ALANNAH McKeown is proud.
Not just because she recently won gold and silver in the pool at the state championships in Melbourne.
And just not because she will now be one of four Ovens and Murray representatives at the Special Olympics Asia Pacific Games in December.
But because she will wear team Australia’s colours at the opening ceremony.
“I’m looking forward to meeting new people and feeling proud of wearing the green and gold,” Alannah, 17, said.
“I love Australia and hope the other competitors enjoy their time here.”
About 400 competitors from 32 countries will be at the games in Newcastle which coincide with International Day of People with Disability.
A student at Belvoir Special School, Alannah, who has Down syndrome, will represent Australia in the 25-metre freestyle after starting with Special Olympics last year.
Also selected for the games from Ovens and Murray were Rose Croxford, Alan Poole (both bocce) and Elissa Thiele (tenpin bowling).
Equally proud of Alannah’s achievements was mum, Judith, who watched on as her daughter took gold in the 25-metre freestyle and silver in the 25-metre backstroke.
“I tried not to scream because mothers are embarrassing,” she said.
“It was close up to halfway then she moved away and the others backed off.”
Winning was only part of it, though.
“I’d entered Alannah for her first competition and I had no idea if I was setting her up for failure,” Mrs McKeown said.
“But I wanted her to have an opportunity to stretch beyond her community, to create new links and meet other people.
“She’d watched the Olympics with her dad, Alan, and I think it really did resonate with her — everyone was in their uniforms and they lit the flame.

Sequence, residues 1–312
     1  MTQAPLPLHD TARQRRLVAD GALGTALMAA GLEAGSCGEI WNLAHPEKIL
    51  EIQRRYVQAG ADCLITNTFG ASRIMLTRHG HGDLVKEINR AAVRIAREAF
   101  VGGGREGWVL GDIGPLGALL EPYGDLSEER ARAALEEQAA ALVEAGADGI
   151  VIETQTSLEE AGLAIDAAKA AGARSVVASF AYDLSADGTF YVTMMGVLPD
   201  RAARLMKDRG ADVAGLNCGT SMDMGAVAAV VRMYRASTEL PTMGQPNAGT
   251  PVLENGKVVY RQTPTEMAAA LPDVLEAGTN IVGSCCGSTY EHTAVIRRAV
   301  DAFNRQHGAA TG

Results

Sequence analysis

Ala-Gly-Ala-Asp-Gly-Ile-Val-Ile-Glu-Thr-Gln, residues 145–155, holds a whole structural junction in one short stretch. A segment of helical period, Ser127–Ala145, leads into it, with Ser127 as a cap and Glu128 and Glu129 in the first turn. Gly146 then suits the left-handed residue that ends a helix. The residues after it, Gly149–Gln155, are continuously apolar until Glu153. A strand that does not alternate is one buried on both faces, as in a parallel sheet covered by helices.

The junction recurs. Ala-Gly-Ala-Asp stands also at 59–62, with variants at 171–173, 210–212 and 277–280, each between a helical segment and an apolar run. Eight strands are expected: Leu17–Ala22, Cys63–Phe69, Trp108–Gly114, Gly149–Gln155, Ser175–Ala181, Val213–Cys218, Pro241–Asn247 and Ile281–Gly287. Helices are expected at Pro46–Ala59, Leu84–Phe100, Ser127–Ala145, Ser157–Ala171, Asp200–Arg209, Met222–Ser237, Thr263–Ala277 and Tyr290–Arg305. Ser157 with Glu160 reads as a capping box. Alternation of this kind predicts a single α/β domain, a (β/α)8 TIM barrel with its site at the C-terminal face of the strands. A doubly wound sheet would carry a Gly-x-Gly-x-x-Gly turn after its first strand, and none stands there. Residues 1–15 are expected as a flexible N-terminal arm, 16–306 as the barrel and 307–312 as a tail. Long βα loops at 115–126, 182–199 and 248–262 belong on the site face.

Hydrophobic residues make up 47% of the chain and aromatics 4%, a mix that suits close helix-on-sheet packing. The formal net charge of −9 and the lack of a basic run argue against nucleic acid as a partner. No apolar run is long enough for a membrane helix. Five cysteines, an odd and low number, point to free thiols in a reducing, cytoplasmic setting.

“And when she was asked what was the best part of it all it wasn’t winning gold, it was being part of the event and the sense of occasion.”
Alannah has lessons at Wodonga’s Seal Swim School with instructor Simone Garrett who said the school was putting in a submission for a Learn To Swim School Disability Support Grant through Swimming Victoria.
“My goal would be to develop students’ skills and also work towards putting together a team of swimmers,” she said.
Sharon Muggivan, chief executive of Aware Industries and chairwoman of the Special Olympics Ovens and Murray committee, said sport had a positive influence.
“We always look at encouraging sports because of its impact on health and well-being,” she said.
“There’s also the social aspect, it’s all about participation.”
About 40 Ovens and Murray participants play bocce, basketball, swimming and tenpin bowling.
“Competitions give them a goal to look forward to,” Mrs Muggivan said.
“They also have to attend a certain number of training sessions.
“It keeps participants active and gives them a goal to work towards.”
Alannah is the only aquatics member from Ovens and Murray but it’s hoped her example would encourage others to help build a local team.